Aside from the corruption discussion, I also see another potential problem. While the idea of more representation for all neighborhoods is a good one, I worry that this would just turn into each one fighting for a piece of the pie for their own agendas rather than supporting any true unified direction for the city at large. I’m not really sure the goal should be pitting one neighborhood against another for attention. The tone of the debate in media has already been that way to some extent, with the arguments against Downtown projects.

    I think an even mix of at-large representation and ward-district representation would be the best solution. Creating 20 wards (representing around 4,000 people each) and having 20 at-large representation would be a good way to combat corruption. The equal representation gives the city a vision while ensuring that ward representatives are included in the discussion in order for it to pass. Vice versa, if the wards unify for something this already benefits the city and can also ensure that the at-large representation can’t dictate policy.

    The current city government simply can not keep up with the fact that Columbus is expanding so fast. We need better representation of the residents. Not only diverse, but also more voices. Increasing the city council from 7 representatives to 40 would increase the voices as well as increase creativity and more discussion at the city level.

    This is similar to what I suggested above, but I think it would also go along way towards actually addressing some of the issues that are raising growing concerns about the current city council system.

    A balance of at-large and ward reps would be a good compromise, rather than going with other models that favor ward-dominated council arrangements with a few token at-large reps. Having more reps overall AND equal numbers of each type would provide for meaningful representation at the community level (wards) without completely losing sight of the “big picture” direction and outlook of the city itself, items that tend to be the focus of at-large reps. At-large reps also keep City Council from devolving into an arena for perpetual conflicts between communities with competing and even adversarial interests and agendas.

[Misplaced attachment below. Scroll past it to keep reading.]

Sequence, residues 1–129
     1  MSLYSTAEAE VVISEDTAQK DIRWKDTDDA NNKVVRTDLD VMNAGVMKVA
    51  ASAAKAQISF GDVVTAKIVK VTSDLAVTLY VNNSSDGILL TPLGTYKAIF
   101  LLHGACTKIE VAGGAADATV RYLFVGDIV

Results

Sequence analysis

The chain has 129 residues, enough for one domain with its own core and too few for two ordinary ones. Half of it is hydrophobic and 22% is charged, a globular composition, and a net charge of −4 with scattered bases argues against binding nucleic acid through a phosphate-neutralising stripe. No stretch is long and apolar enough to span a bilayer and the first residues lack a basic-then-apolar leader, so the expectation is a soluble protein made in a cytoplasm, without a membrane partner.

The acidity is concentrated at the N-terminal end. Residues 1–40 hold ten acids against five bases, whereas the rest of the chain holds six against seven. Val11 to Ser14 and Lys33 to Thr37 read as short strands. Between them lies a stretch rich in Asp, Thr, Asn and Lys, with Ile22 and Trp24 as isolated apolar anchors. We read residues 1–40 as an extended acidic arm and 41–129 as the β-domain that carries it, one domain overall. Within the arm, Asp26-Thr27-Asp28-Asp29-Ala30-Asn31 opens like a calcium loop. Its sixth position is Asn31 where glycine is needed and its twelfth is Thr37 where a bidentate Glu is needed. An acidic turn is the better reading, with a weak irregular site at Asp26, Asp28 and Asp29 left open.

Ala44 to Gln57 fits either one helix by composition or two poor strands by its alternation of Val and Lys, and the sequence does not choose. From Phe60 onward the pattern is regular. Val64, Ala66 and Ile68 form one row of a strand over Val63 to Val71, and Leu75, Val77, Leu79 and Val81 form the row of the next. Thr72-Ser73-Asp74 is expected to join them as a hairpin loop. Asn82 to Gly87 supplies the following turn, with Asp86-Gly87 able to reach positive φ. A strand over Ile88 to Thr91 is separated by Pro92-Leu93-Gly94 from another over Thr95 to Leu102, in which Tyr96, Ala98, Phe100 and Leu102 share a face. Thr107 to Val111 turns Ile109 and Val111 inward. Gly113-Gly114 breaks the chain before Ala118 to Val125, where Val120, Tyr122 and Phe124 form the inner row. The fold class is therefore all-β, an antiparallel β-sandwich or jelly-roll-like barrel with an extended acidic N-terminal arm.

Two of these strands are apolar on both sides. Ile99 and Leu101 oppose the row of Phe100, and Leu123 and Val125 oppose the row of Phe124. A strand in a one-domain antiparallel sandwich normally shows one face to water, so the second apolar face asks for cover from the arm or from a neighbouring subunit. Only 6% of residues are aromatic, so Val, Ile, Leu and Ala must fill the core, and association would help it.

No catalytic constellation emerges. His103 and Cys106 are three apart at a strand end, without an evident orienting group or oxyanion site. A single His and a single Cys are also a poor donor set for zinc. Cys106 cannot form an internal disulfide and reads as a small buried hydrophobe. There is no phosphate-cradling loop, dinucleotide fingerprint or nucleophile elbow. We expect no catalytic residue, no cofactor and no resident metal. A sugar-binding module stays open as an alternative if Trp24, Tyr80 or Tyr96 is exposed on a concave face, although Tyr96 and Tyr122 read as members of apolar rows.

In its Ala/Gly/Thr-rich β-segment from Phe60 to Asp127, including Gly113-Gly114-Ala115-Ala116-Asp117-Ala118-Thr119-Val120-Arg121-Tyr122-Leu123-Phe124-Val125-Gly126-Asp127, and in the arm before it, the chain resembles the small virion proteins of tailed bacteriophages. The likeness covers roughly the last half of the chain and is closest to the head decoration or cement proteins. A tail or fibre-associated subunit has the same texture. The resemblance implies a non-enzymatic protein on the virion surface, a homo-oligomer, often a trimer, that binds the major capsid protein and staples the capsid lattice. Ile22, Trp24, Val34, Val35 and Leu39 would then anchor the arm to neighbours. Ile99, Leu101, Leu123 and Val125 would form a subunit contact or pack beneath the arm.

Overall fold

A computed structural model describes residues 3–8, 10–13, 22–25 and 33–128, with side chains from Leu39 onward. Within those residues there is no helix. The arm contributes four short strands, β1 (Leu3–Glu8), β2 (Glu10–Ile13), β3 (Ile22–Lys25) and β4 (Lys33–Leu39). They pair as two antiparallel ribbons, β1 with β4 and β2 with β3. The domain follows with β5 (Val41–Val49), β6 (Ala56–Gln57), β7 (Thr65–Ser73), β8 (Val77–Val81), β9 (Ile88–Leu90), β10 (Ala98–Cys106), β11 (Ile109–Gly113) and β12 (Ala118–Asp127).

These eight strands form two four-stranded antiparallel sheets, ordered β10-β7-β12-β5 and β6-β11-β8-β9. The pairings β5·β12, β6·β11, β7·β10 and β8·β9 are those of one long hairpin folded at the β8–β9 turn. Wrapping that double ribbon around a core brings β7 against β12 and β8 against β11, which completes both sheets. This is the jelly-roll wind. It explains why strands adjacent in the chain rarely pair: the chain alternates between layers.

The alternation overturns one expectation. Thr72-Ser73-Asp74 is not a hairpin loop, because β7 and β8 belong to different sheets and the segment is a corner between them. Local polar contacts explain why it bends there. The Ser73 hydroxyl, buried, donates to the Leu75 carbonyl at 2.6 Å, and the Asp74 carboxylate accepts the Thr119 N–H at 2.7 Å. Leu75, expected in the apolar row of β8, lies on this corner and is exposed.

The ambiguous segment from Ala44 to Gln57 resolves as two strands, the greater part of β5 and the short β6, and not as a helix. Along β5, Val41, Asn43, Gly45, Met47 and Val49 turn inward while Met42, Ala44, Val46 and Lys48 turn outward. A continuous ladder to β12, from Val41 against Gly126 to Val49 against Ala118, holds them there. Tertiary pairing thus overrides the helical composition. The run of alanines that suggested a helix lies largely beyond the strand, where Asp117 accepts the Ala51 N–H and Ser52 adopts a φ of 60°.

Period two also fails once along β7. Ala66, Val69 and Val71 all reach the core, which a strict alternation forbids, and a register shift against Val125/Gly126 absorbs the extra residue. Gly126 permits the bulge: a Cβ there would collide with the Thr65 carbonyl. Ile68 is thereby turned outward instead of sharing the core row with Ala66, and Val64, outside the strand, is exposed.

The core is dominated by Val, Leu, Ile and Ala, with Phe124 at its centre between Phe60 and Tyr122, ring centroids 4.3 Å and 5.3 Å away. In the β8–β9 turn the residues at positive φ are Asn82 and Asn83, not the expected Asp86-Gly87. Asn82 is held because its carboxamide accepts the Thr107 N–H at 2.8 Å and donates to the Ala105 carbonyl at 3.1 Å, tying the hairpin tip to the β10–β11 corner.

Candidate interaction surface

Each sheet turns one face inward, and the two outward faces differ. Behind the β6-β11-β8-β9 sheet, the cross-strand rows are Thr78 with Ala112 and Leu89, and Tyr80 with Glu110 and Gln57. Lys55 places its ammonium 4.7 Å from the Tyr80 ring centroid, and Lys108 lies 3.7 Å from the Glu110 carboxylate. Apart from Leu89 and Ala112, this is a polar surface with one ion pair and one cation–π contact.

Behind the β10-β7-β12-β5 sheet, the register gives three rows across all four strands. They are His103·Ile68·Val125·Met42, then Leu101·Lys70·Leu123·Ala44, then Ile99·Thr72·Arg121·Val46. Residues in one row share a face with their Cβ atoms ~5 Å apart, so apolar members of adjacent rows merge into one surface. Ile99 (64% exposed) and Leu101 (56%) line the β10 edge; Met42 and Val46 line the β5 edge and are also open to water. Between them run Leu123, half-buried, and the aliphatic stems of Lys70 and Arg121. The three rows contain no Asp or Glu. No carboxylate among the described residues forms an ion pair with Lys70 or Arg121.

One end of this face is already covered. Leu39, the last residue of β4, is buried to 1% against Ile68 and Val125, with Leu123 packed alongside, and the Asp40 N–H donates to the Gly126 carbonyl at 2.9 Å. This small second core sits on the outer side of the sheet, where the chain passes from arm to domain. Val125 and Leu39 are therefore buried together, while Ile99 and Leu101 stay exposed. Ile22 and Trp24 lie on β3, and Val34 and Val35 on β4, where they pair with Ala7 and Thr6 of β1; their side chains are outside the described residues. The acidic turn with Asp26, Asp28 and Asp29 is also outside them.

Along with having the two types of reps, ward and at-large, the actual number of reps must be addressed as well. More reps overall would definitely be better than the current seven for a city of 850k and growing, but where wards are concerned in particular, that number needs to take into account factors like average community population, as well as diversity–racial/ethnic, sexual, living arrangements, economic, etc. I would rather see a higher number of wards that give more communities and a wider range of people a voice (and a reasonable compromise for single-member districts), than a much smaller number that tends to work to the benefit of the most privileged in a given community.

    Either this, or create fewer wards overall that correspond to community boundaries as much as possible, but with proportionally-allocated multi-member districts.

    in reply to: Ward System for Columbus City Council – News & Updates #1126607

    NEOBuckeye
    Participant

    NDaEast, what is there to stop a Ward-based City Council from also appointing replacement council reps to fill vacancies on a near-perpetual basis? Having ward reps does not make a City Council any more immune to, or even adverse to, the practice.